Fracking ban halts first shale gas project in Spain(Read article summary)
A ban on fracking in a northern region of Spain has crimped Repsol SA's plans to begin drilling for shale gas in the north of Spain. Repsol had planned to begin seismic studies, with a view to drilling, in July, but the Cantabrian fracking ban, which prevents all hydraulic fracturing activities within the region’s borders, has put a hold on plans.
Repsol SA has had to delay plans to begin drilling for shale gas in the north of Spain after a local government banned all hydraulic fracturing operations.
Spain’s richest shale gas reserves have been determined to exist in the northern region of Cantabria, but back in April the local Cantabrian government implemented the country’s first fracking ban, worried that such activities may pollute the local sources of drinking water. (Related article: Duke University Study Links Fracking to Ground Water Contamination)
Repsol had planned to begin seismic studies, with a view to drilling, in July, but the Cantabrian fracking ban, which prevents all hydraulic fracturing activities within the region’s borders, has put a hold on plans. In truth, it is not fully understood how the ban will affect Repsol, whose Luena project covers 290 square miles, and stretches from Cantabria down to Castille & Leon. Normally when a project extends across two regions or more it is regulated by the national Industry Ministry, not local governments.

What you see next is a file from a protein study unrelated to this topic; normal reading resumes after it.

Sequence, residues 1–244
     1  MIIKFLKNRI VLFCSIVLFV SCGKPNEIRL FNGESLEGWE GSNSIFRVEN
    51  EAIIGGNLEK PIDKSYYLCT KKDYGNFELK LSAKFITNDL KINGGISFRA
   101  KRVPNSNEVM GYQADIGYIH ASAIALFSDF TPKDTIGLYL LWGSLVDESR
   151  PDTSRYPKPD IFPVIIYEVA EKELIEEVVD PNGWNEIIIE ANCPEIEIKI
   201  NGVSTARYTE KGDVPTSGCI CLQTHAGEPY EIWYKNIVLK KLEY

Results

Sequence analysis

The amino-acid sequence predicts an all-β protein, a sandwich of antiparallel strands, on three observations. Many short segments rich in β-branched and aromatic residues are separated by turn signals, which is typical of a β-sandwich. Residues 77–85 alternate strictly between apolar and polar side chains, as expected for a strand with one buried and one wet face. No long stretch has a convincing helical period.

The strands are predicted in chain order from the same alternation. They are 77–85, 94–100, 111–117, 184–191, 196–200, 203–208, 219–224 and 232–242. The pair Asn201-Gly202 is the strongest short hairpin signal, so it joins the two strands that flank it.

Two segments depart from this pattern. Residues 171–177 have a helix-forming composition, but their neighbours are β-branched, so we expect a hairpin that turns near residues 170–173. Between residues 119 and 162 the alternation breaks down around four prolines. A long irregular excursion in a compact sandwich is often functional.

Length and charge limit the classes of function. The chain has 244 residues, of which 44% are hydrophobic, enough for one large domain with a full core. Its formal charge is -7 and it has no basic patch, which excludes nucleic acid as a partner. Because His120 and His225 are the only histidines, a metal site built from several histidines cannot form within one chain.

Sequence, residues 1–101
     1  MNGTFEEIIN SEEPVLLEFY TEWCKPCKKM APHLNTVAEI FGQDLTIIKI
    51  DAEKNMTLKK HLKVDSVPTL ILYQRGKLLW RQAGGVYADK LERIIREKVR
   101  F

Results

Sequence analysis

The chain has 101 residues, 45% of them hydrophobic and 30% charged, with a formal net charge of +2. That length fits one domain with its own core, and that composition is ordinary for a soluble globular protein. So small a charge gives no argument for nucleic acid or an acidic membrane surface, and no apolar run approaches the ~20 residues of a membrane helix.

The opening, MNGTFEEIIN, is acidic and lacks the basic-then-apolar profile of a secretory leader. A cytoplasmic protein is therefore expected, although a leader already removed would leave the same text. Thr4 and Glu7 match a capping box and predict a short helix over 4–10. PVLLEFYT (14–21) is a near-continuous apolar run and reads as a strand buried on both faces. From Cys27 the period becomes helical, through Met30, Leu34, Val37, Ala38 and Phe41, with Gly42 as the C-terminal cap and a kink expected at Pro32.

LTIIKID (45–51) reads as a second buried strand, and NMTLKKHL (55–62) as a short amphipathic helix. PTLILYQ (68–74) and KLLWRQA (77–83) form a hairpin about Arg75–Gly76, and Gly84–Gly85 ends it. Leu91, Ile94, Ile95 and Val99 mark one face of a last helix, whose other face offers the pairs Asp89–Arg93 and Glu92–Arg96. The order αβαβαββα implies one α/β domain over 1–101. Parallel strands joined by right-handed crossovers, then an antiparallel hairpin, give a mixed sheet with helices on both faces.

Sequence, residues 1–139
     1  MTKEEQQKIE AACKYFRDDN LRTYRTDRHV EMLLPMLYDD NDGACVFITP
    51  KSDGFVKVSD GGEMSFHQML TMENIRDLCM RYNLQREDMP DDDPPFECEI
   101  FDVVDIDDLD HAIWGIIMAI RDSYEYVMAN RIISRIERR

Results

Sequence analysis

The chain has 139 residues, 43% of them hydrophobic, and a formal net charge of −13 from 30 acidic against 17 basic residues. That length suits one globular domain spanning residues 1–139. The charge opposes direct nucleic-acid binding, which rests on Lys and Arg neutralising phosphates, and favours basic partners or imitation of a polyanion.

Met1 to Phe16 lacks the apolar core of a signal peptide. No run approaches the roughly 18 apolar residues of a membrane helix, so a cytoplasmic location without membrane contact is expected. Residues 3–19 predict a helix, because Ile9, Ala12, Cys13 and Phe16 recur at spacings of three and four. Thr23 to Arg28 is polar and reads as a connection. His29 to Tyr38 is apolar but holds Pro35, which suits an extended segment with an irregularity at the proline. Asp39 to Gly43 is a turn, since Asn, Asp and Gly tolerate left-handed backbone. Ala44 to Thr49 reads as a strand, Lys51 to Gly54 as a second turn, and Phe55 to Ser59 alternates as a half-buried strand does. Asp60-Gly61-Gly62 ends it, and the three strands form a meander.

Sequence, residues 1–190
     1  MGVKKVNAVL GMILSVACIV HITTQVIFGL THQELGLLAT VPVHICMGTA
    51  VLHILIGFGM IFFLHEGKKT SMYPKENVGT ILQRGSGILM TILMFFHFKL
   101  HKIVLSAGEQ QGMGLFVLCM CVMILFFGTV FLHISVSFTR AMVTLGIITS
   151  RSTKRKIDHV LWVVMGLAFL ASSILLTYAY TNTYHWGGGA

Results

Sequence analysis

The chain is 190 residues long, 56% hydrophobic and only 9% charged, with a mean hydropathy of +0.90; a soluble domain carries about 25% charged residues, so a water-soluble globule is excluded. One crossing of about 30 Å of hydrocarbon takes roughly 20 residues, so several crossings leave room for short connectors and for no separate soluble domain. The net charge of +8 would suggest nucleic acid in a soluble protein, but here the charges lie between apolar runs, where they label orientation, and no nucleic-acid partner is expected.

The Spanish fossil fuel trade group, Aciep, has made claims that Spain boasts enough prospective natural gas resources to meet the country’s domestic demand for more than 70 years. (Related article: Frackers Under Scrutiny for Buying Silence)
Excited by the potential to cut dependence on imports and possibly lower energy prices, the Spanish government has worked to reduce barriers to energy for any international oil and gas companies trying to develop shale gas in the country, such as BNK Petroleum Inc. and San Leon Energy Plc..
Repsol was awarded its license for the Luena project in 2011, granting it permission to perform operations for six years, as long as they invest at least €30 million in exploration activities. In February Repsol announced that they will explore the resource potential of the project through shallow and deep test wells.